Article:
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IVORY-BILLS  LiVE???!  ...

=> THE blog devoted to news and commentary on the most iconic bird in American ornithology, the Ivory-billed Woodpecker (IBWO)... and... sometimes other schtuff.

Web ivorybills.blogspot.com

"....The truth is out there."

-- Dr. Jerome Jackson, 2002 (... & Agent Fox Mulder)

“There are more things in heaven and earth, Horatio, than are dreamt of in your philosophy.”

-- Hamlet

"All truth passes through 3 stages: First it is ridiculed. Second, it is violently opposed. Third, it is accepted as self-evident."

-- Arthur Schopenhauer

Thursday, December 08, 2005


-- Shootin' From the Hip (...aka 'My Thoughts') --

(warning: longish and rantish...!) :

The 'Rorschach' nature of the Arkansas Ivory-bill evidence continues to confound: I keep reading of folks who are swayed to IBWO 'believer' status by Cornell's acoustic evidence, which oddly, still strikes me as their weakest armament. The 'double-raps' released thus far seem to me unconvincing, and for now I trust my instinct on this -- in 2002 the only evidence brought forth from Pearl River was a 'double-knock' audio clip, which upon hearing, I was sure, was NOT an Ivory-bill (didn't know what it was, just that it certainly wasn't any IBWO); it took Cornell additional weeks of analysis to identify the sound as gunshots. It was hugely disappointing that after 30 days in the field this was the best evidence searchers could produce or that this was even perceived/offered as possible evidence.
Nor do I believe the Jan. 29 'kent' calls emanate from Ivory-bills (again, not sure what they are, just don't sound like IBWOs). The Jan. 31 calls are more intriguing and might rate them a 50/50 chance of being IBWO, but 50/50 is not as great as one would hope for.
The grainy Luneau film I think rates higher -- not because it clearly shows an Ivory-bill, but because (to my eyes) it DOESN'T look much like any of the alternative options. If I had to stick a number on it I might say 60-75% probability IBWO, based on the visual, and if you accept and add in Cornell's computed measurement data the probability goes up from there.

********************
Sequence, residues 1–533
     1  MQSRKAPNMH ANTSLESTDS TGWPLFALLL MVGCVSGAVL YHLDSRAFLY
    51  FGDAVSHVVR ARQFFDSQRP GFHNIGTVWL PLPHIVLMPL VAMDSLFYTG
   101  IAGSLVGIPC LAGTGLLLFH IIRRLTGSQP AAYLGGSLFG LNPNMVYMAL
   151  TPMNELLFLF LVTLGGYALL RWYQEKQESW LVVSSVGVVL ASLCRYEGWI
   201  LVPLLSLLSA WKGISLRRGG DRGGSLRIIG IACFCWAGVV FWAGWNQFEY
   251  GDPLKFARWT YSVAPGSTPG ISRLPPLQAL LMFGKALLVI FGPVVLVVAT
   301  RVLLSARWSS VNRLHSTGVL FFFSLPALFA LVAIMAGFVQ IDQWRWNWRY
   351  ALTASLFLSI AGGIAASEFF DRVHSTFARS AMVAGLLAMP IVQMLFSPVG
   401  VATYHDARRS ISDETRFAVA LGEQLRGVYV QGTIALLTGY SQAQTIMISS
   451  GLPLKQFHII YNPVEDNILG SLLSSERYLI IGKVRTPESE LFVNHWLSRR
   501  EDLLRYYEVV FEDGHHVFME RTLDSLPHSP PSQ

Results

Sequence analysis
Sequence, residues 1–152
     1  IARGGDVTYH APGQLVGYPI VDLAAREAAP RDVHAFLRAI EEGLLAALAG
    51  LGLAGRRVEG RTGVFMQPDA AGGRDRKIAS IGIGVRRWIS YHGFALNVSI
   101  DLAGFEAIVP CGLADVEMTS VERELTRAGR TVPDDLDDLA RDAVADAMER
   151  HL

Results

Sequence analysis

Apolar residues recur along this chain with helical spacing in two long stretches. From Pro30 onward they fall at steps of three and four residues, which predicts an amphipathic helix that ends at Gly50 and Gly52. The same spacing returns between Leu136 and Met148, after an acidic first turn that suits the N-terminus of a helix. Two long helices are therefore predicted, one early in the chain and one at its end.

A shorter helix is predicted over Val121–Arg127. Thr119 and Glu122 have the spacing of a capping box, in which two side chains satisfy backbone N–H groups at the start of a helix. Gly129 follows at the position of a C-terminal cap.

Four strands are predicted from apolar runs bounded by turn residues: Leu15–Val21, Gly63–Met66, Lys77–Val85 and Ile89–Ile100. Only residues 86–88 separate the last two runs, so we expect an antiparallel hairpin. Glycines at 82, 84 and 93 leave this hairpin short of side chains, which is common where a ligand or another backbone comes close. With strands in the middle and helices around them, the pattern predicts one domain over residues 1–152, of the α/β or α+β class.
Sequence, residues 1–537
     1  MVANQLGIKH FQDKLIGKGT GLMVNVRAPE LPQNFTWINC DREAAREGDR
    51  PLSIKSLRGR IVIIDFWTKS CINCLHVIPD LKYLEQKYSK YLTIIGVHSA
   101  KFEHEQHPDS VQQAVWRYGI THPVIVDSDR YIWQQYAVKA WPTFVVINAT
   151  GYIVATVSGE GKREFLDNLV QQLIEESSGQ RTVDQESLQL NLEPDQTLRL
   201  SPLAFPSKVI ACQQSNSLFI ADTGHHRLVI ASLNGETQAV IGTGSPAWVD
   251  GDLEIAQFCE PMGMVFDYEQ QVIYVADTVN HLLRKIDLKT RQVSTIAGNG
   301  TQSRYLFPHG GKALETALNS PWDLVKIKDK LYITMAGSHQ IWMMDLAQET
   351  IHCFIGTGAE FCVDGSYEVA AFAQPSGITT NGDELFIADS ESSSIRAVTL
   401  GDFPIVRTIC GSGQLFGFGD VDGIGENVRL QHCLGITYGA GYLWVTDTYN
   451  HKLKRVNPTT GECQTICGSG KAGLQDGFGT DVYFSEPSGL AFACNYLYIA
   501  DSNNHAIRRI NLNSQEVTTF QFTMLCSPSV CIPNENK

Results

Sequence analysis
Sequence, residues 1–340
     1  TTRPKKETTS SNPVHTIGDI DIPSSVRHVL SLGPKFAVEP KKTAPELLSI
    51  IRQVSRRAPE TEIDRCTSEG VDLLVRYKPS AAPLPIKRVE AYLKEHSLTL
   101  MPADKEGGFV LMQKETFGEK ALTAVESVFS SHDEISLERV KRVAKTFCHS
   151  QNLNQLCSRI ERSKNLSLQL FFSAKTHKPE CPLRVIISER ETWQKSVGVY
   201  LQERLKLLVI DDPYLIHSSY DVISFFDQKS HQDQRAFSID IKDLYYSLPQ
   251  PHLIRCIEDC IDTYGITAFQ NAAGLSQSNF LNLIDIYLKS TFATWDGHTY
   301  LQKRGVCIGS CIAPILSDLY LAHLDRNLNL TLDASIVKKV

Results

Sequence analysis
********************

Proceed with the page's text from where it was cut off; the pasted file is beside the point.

What continues to be most convincing for me (and yet is problematic for others) are simply the sheer number, details, credibility, and firmness of the various sighters across time -- essentially, what in an earlier era would have been a gold standard for acceptance -- only because we live in a now video-saturated world, and for 50 years people have been prejudiced/indoctrinated by a notion of IBWO extinction (despite little evidence for such), has that gold standard changed. What others speak of as brief, poor quality sightings, I view as repeated, consistent, and most importantly, credible (i.e. coming from people with experience, and familiar with Pileateds in the field). The talk of aberrant Pileateds has been somewhat confused and inconsistent -- if they are present why has no one (out of all the excellent birders that have been there) simply stated, "I saw something that looked like an Ivory-bill at first, but turned out to be a leucistic Pileated." I don't recall anyone specifically yet saying they saw an abnormal Pileated 'that if seen by others, could easily be mistaken for an Ivory-bill.' (...it seems to be just a given assumption, unfounded I think, that if abnormal Pileateds exist they will be easily mistaken for IBWO 16+ separate times, rather than recognized as abnormal PIWOs). And of course no photo of one.